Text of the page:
Another issue farmers have been contacting me about is the Risk Management Agency's (RMA) and crop insurance companies' handling of aflatoxin contamination in the corn crop. As reports suggest, the hot dry conditions are exacerbating the aflatoxin issue in many parts of the country. Under RMA's "Loss Adjustment Procedures for Aflatoxin" (Revised August 2012), RMA states farmers must have their crop tested for aflatoxin prior to putting it in grain bins. However, farmers are concerned with the logistical challenges this requirement will present them.
Often times, farmers are not aware of the presence of aflatoxin, or at least aware of unacceptable levels of aflatoxin, until they are sitting at the grain elevator and the elevator's sample shows levels are too high for the elevator to accept. At that juncture, the farmer must take his crop back to the farm and find something to do with it in a timely manner so he or she can get back to the next load of corn coming out of the field. The requirements set forth by RMA state that if the crop is not tested by the crop insurer prior to placing it in the bin then no indemnity can be paid for that portion of the crop loss.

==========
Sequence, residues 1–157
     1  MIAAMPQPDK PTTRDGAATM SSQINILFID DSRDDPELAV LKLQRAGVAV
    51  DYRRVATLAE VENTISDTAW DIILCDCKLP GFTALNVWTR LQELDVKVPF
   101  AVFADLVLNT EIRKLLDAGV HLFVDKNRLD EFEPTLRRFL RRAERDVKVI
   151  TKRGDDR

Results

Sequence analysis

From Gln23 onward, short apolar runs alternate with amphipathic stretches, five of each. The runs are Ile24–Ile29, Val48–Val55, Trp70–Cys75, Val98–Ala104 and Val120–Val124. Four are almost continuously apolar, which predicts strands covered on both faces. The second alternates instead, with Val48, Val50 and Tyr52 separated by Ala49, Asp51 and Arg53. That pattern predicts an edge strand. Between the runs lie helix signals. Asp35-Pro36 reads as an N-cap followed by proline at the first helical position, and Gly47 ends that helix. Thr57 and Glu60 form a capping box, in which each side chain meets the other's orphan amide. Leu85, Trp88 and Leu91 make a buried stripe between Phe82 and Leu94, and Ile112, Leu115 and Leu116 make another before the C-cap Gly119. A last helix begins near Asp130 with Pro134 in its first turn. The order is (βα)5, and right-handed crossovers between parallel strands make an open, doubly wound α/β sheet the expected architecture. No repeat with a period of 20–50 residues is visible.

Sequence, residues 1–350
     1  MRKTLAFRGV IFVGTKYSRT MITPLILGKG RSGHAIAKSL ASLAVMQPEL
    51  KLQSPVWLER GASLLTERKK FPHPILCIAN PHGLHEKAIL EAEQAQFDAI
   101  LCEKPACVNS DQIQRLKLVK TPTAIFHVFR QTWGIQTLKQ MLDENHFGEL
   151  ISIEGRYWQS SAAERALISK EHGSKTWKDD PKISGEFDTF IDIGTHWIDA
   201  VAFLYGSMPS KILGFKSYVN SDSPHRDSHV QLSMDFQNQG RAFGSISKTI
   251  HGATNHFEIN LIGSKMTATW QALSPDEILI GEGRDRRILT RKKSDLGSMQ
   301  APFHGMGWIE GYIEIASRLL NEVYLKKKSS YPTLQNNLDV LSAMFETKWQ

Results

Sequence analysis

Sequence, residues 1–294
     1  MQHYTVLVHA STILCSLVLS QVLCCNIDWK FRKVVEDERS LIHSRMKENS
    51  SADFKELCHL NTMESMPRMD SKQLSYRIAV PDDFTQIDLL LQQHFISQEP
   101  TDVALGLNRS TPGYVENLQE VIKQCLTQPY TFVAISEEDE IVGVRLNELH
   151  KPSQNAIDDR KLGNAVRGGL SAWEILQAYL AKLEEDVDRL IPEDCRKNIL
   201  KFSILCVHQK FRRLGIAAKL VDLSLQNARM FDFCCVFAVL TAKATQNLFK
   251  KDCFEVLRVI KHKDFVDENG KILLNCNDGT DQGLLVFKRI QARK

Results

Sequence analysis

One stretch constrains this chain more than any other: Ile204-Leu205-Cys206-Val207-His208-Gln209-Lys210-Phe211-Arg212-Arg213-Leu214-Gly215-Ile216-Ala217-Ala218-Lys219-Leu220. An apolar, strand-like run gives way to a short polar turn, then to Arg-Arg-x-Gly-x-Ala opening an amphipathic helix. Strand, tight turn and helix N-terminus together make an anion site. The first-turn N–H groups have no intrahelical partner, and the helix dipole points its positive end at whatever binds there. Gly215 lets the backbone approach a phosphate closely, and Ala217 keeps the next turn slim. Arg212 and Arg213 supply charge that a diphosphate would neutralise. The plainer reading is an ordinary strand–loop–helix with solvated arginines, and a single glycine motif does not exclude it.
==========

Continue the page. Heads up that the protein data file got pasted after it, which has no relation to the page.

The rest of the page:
I am concerned on a couple fronts in this regard. First, given the large number of claims that are going to be reported to insurers this year based simply on lost yields, will there be enough adjusters to deal with this added challenge of timely serving farmers dealing with aflatoxin contamination claims? In addition, are RMA and the crop insurance companies doing enough to inform farmers of the requirements when aflatoxin contamination is a concern? What is RMA doing to help ensure farmers are aware of the requirements for when they have crop damaged by aflatoxin? Is there any flexibility that RMA can provide so our farmers don't run into a logistical nightmare of having trucks full of corn with no where to put it while they wait who knows how long for an insurance adjuster to come and test the corn?
The weather conditions of this growing season have been challenging enough as it is for Iowa farmers. I urge USDA to do all it can to assist farmers dealing with the short time frame for harvesting hay on CRP land. In addition, USDA should do what it can to assist farmers who have aflatoxin contamination claims so farmers aren't caught off guard and end up with the added challenge of potentially losing out on indemnity payments.
I appreciate your consideration of my questions and requests. If you have any questions, please feel free to contact me or my staff.
Charles E. Grassley
United States Senate